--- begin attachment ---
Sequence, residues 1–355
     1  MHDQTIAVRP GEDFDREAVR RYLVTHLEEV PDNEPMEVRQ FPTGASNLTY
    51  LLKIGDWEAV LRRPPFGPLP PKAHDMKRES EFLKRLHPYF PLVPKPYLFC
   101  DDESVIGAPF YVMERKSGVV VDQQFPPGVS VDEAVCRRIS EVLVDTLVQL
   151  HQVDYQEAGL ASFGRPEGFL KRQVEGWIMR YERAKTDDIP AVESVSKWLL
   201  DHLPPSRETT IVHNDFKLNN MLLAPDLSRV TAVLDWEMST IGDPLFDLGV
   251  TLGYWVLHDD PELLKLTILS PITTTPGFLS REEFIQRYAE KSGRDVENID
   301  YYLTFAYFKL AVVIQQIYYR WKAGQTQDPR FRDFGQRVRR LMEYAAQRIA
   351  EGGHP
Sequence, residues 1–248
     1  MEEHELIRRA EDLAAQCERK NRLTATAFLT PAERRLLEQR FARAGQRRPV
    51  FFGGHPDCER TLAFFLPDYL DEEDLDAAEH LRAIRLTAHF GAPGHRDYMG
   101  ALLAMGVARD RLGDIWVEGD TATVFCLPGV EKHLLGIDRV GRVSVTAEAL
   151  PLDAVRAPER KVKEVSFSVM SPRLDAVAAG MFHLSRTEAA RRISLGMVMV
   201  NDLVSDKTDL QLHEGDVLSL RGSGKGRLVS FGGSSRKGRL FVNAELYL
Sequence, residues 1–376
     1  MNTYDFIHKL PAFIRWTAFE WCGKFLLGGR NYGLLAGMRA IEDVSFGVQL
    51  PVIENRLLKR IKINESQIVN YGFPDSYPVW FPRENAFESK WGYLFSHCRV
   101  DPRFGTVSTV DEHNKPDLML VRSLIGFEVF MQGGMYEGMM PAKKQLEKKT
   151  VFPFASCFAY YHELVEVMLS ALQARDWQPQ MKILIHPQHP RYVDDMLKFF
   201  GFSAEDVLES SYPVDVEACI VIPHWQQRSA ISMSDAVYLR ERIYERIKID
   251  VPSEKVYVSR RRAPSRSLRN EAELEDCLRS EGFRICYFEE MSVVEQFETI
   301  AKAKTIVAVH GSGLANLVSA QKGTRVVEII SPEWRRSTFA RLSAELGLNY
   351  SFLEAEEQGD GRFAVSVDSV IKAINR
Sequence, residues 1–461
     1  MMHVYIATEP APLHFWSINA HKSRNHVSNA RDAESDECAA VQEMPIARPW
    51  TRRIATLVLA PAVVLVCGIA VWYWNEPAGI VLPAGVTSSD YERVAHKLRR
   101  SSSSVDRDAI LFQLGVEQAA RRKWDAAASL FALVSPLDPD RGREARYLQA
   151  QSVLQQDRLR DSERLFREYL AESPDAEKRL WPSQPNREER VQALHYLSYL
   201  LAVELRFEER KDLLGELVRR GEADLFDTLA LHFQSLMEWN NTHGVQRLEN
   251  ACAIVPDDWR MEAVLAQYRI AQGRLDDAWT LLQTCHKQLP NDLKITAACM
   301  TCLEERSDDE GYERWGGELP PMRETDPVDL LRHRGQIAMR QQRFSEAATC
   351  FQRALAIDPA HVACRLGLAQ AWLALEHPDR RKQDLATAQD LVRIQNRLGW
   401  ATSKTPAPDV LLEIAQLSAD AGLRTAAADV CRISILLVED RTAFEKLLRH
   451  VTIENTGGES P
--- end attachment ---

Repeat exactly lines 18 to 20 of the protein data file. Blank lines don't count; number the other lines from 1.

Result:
    51  PVIENRLLKR IKINESQIVN YGFPDSYPVW FPRENAFESK WGYLFSHCRV
   101  DPRFGTVSTV DEHNKPDLML VRSLIGFEVF MQGGMYEGMM PAKKQLEKKT
   151  VFPFASCFAY YHELVEVMLS ALQARDWQPQ MKILIHPQHP RYVDDMLKFF